In another embodiment, the conjugated substance is a nucleic acid base, nucleoside, nucleotide or a nucleic acid polymer, including those that were modified to possess an additional linker or spacer for attachment of the dyes of the invention, such as an alkynyl linkage (U.S. Pat. No. 5,047,519; U.S. Pat. Re 38,416), an aminoallyl linkage (U.S. Pat. No. 4,711,955) or other linkage.

In one embodiment a xanthenephosphonate is attached to a solid support through a cleavable linker. The linker molecule also contains a hydroxyl group protected with DMTr (or like) blocking group. After removal of the DMTr group, an oligonucleotide is synthesized on an automated oligonucleotide synthesizer by step-wise attachment of nucleotide units to the hydroxyl group. A quencher is introduced at the 5′-end with the appropriate phosphoramidite, or post-synthetically with a quencher containing a reactive group, to yield an ODN having an attached xanthenephosphonate moiety (XP) and a quencher (Q). A solid support compatible with oligonucleotide synthesis includes controlled pore glass, polystyrene, plastic, nylon, gold and the like.

In one embodiment a xanthenephosphonate (XP) is attached to a solid support through a cleavable linker. The linker molecule also contains a hydroxyl group protected with DMTr (or like) blocking group. After removal of the DMTr group, an oligonucleotide is synthesized on an automated oligonucleotide synthesizer by step-wise attachment of nucleotide units to the hydroxyl group. A XP fluorophore is introduced at the 3′-end with the appropriate phosphoramidite, or post-synthetically with a XP fluorophore containing a reactive group, to yield an ODN having an attached XP moiety, or alternatively a XP and a quencher (Q) or in addition to the XP and Q also a MB (MB-Q-ODN-L-Fl). In this connection it is noted that the synthesis of MBs and their attachment to ODNs is well known (see for example U.S. Pat. No. 5,801,155, Ser. Nos. 09/539,097 and 9/141,764; all of which are expressly incorporated herein by reference).

EXAMPLES General Experimental

All air and water sensitive reactions were carried out under a slight positive pressure of argon. Anhydrous solvents were obtained from Aldrich (Milwaukee, Wis.). Flash chromatography was performed on 230-400 mesh silica gel. Melting points were determined on a Mel-Temp melting point, apparatus in open capillaRY and are uncorrected. Elemental analysis was performed by Quantitative Technologies Inc. (Boundbrook, N.J.). UV-visible absorption spectra were recorded in the 200-400-nm range on a UV-2100 (Shimadzu) or a Lambda 2 (Perkin Elmer) spectrophotometers. 1H NMR spectra were run at 20° C. on a Varian 300 spectrophotometer; chemical shifts are reported in ppm downfield from Me4Si. Thin-layer chromatography was run on silica gel 60 F-254 (EM Reagents) aluminum-backed plates.

In the examples below, compound numbering refers to those numbers provided in Reaction Schemes 1-13.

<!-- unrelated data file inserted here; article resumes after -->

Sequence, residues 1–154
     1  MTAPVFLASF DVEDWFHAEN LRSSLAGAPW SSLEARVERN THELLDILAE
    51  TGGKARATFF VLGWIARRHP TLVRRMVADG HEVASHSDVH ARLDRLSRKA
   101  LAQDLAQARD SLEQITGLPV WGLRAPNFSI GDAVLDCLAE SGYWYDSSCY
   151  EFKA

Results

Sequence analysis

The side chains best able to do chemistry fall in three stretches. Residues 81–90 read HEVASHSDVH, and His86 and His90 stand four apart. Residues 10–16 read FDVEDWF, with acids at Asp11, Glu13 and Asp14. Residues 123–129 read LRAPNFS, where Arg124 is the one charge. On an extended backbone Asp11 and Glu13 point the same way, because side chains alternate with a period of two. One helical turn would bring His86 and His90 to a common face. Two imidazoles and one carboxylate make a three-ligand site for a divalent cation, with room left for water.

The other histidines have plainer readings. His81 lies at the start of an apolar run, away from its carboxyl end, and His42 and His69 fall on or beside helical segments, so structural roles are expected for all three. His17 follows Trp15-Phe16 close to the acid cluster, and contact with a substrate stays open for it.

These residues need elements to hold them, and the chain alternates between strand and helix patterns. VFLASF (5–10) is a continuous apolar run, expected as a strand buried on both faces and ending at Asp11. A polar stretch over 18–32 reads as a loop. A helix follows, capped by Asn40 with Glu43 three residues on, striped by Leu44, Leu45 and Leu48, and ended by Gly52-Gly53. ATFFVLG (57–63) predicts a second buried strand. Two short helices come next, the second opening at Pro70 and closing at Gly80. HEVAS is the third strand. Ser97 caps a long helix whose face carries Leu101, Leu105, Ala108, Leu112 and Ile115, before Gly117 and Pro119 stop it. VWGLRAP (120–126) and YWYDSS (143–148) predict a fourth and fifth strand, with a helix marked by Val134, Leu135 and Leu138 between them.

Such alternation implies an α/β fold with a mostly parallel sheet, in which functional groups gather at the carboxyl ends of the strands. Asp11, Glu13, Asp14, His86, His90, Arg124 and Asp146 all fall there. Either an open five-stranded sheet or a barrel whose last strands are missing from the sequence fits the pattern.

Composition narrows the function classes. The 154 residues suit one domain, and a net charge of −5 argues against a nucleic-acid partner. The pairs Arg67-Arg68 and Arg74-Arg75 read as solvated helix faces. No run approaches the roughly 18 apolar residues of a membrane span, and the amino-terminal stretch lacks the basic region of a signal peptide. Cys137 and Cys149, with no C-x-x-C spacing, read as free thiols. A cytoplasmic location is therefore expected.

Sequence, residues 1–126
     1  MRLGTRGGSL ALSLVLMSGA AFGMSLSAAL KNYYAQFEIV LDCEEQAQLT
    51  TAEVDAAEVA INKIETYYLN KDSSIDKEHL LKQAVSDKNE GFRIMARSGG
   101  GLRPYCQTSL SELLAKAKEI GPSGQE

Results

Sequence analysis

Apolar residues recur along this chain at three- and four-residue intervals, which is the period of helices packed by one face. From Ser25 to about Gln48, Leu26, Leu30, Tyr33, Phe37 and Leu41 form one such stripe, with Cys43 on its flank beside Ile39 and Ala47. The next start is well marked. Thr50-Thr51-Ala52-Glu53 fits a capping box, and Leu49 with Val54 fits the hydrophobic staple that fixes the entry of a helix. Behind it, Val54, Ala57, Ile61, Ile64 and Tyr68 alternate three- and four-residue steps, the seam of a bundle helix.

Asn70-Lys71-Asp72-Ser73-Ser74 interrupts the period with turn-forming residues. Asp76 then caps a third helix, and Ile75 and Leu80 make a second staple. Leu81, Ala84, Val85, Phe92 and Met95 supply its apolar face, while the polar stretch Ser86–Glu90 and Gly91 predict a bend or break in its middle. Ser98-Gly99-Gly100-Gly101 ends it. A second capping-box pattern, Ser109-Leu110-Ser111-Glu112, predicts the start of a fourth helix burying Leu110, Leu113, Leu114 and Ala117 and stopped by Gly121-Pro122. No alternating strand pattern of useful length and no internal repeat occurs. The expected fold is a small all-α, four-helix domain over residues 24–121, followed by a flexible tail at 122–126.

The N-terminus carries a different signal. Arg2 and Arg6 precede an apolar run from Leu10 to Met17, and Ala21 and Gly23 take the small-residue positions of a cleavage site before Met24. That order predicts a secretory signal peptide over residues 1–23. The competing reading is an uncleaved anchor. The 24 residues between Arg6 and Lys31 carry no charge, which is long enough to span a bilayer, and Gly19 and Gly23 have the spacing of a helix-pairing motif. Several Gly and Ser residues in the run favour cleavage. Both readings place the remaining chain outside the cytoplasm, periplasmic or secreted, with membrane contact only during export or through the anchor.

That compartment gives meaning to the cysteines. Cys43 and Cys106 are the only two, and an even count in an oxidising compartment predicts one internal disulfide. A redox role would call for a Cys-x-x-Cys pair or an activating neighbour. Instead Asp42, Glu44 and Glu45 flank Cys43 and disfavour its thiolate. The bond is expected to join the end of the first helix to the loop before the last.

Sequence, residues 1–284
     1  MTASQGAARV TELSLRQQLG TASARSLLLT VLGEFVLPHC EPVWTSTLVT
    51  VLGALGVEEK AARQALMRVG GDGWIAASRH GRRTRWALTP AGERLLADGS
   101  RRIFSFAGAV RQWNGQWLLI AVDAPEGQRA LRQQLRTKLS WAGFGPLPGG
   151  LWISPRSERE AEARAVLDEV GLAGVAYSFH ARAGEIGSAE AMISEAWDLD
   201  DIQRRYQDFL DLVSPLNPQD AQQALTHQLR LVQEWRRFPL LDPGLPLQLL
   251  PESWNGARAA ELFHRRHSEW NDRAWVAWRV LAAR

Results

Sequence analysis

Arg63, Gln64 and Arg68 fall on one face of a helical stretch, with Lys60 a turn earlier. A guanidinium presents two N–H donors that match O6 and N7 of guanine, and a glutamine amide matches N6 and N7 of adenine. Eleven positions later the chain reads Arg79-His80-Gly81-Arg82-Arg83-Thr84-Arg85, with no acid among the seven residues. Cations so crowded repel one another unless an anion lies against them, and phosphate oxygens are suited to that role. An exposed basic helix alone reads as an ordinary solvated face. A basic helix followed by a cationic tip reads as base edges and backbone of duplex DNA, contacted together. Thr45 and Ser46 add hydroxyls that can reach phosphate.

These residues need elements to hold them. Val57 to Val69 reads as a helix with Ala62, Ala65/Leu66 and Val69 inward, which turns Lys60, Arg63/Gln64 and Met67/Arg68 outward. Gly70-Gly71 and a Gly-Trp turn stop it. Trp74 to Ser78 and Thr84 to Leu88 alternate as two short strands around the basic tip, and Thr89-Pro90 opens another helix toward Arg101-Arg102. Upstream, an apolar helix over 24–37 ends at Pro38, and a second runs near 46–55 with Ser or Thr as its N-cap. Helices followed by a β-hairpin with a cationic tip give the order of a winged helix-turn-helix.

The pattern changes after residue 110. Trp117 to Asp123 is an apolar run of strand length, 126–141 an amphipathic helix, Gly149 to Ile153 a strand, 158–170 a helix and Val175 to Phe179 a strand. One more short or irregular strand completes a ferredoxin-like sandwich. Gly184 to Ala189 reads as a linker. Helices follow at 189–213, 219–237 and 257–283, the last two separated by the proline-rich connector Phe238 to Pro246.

Example 1

bis(4-(2,2,2-trifluoroacetamido)butyl)phosphite (3)

This example demonstrates the synthesis of the novel phosphonylation reagent (3) as shown in Reaction Scheme 1.

A 250 mL flask was charged with magnetic stirring bar, compound 1 (see, J. Org. Chem. 62(20): 6712-6713 (1997)) (9.455 g, 51 mmol), pyridine (100 mL), and diphenylphosphite (2) (7.035 g, 25.5 mmol). The mixture was stirred for 1 h at room temperature, then concentrated on a rotary evaporator, diluted with ethyl acetate (200 mL) and washed with 10% citric acid (2×150 mL). Aqueous phase was re-extracted with ethyl acetate (100 mL) and organic phases were combined, washed with brine (100 mL), dried over Na2SO4 and concentrated in vacuo. Residue was chromatographed on silica eluting, first, with ethyl acetate to separate phenol and, second, with acetone to elute the desired phosphite 3. Concentration of the pure product fractions gave 8.0 g, (75%) of the phosphite 3 as viscous liquid. 1H NMR (dmso-d6): 9.44 (brs, 2H), 6.82 (d, J=695 Hz; 1H), 4.0 (m, 4H), 3.21 (q, J=6.2 Hz; 4H), 1.70-1.50 (m, 8H). 31P NMR (dmso-d6): 9.02 (d, J=695 Hz). 19F NMR: 0.86 (s).

Example 2

This example illustrates the synthesis of a protected 4′,4,5,6,7-pentachloro-7′-phosphonate fluorescein analog (11) as shown in Reaction Scheme 2.

Compound 5

A 0.5 L round bottom flask equipped with magnetic stirring bar was charged with 4-bromoresorcinol (3.62 g, 19.2 mmol), compound (4) (8.264 g, 16.0 mmol, prepared as described in WO 03/023357) and trifluoroacetic acid (50 mL). Methanesulfonic acid (50 mL) was added and resultant mixture was stirred at +80° C. for 3 h. Resultant red solution was cooled and poured onto ice (˜400 g). Obtained solid was collected by filtration on sintered glass funnel, washed with water (3×40 mL) and dissolved in a mixture of water (300 mL) and triethylamine (10 mL). The solution was heated to boiling point with stirring, then cooled and acidified to pH˜2 by adding aqueous hydrochloric acid. The resultant fine suspension was extracted with ethyl acetate, washed twice with brine, dried over MgSO4. Concentration afforded crude product 5, which was contaminated with its debrominated analog formed during the condensation reaction. The mixture was separated by silica gel chromatography eluting with a gradient of methanol (0 to 15%) in 3% triethylamine in dichloromethane. Fractions containing pure compound 5 (triethylammonium salt) were collected and concentrated. Residue was suspended in 1N hydrochloric acid and extracted with ethyl acetate. The organic solution was separated, washed twice with brine, dried over MgSO4, filtered, concentrated and dried in vacuo to give pure desired product 5 (5.37 g, 51%).